Dogs rotate in and out, walk by, and outside the perimeter fence and we have encounters with horses, ponies, dogs, and the horseback riders and cars. I hate when there are interactions like today.

I think I shook up the camp owner when I yelled, too. She suddenly got up and had to go back to work.

Some of you might remember that I began my career training big stuff like lions, tigers, and bears (go ahead, say it…) and so when I project my voice to stop something–it usually works and nobody crosses me. When I shifted from wild animals to horses–well, it took some adjusting.

I refrain from working livestock due to allergies. Hay, molds, and dust are not my friends. When I did work hoofed animals I was always taking allergy meds. Not too long ago I did a behavior consultation with a horse–and man was I sneezing, wheezing, and red-eyed…that will teach me to not take those allergy meds before going to a horse ranch.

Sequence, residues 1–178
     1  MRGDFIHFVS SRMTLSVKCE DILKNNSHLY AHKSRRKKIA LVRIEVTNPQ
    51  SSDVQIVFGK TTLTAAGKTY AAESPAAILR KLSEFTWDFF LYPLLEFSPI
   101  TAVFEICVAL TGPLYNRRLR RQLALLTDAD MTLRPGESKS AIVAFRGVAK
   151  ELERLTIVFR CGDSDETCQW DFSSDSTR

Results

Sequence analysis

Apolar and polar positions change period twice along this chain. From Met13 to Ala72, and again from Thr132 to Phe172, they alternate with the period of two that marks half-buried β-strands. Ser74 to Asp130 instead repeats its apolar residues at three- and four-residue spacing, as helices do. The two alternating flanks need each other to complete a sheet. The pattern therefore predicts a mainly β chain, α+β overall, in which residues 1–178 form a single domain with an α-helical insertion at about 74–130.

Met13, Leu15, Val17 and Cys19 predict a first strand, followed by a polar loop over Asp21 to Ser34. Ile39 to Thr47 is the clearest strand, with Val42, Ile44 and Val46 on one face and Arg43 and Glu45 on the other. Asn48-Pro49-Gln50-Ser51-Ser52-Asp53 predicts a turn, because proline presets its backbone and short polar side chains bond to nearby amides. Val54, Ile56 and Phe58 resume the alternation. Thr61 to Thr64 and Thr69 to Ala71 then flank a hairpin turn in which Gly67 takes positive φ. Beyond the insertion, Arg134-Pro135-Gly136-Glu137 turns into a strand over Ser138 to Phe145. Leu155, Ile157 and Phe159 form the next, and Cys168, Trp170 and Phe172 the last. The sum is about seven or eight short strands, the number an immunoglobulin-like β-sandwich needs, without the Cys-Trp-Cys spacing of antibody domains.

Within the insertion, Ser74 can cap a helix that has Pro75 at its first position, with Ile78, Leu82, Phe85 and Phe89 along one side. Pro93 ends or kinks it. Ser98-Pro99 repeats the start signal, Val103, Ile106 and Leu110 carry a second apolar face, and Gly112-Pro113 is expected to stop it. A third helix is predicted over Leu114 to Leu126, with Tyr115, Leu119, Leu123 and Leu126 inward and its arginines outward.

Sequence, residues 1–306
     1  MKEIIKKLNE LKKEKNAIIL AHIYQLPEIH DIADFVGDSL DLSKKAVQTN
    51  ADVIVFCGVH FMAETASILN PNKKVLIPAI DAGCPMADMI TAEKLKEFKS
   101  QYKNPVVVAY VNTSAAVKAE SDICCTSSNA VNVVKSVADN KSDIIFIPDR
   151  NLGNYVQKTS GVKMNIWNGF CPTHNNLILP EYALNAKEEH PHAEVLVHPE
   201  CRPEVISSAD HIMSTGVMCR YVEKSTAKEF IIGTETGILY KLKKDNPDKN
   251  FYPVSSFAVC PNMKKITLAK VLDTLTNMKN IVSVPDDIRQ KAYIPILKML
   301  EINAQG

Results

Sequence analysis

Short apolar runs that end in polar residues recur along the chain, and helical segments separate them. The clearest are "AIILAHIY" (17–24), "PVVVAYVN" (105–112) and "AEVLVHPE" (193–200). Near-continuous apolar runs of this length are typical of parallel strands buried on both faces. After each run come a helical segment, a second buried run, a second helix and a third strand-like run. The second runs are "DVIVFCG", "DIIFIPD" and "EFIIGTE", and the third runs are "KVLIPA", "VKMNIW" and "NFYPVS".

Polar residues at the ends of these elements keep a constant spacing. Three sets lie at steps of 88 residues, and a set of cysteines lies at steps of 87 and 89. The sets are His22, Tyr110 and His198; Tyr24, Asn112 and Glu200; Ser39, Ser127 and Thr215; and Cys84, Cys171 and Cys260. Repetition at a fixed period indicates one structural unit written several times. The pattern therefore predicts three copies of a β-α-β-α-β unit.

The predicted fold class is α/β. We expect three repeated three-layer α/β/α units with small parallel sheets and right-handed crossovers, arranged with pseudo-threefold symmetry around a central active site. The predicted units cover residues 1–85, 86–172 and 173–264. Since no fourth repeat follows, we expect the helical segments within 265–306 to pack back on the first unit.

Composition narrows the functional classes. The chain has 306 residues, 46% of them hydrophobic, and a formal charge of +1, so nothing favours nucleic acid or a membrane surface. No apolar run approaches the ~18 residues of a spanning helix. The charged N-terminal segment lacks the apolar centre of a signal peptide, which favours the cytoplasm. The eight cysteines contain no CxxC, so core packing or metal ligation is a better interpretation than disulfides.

Anyway, the gals went crazy barking at something outside of the play pen today also–and they stopped when I told them to–but I’d rather not see that behavior at all. You can train a dog to be protective and to alarm bark, but this behavior is neither.

When the gals don’t cooperate I notice I get really tired by the end of the day. We had some successes but all were hard to come by.

We ended the day with a final playtime in the play area. Dog “B’s” behavior is changing and she is becoming a bit of a brat. Not that these dogs were ever really good–but in my work with them things are shifting. Even the camp owner is amazed now.

My heart warms when they do well and are trying hard. They are sweet but I am probably going to take a day off in the next few days to give us all a break.

Please God, let them do well tomorrow…

Dog “B” still jumps in the air when excited but the remote collar works really well on helping to extinquish that behavior too. I might have to use one of those harnesses that prevents jumping if the behavior doesn’t drop down in the next four days.

You might remember I said that the videographer was coming to film. She did not come up today–she asked me to change the schedule again. I might see her Friday. I wonder if there is a correlation betwee scheduling her and the bad behavior–they have only been bad on the days she was supposed to film.


Maybe the girls will be better tomorrow. Please, oh, please!